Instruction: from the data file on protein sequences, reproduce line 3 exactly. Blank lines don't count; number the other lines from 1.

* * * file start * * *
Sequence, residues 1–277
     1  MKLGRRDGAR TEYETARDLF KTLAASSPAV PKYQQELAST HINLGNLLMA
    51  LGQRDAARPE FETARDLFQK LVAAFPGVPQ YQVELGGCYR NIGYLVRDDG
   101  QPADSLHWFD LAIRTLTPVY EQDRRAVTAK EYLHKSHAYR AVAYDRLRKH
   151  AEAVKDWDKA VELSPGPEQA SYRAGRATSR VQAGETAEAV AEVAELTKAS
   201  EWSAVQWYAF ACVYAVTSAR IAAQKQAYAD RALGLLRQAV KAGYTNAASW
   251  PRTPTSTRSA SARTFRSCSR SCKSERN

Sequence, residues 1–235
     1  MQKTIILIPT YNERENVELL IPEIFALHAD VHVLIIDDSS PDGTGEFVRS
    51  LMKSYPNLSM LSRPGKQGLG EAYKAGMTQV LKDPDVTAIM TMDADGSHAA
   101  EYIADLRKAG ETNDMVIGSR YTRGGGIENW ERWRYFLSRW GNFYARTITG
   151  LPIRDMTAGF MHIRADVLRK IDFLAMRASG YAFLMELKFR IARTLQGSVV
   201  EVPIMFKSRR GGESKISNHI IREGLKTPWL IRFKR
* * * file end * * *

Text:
    51  LGQRDAARPE FETARDLFQK LVAAFPGVPQ YQVELGGCYR NIGYLVRDDG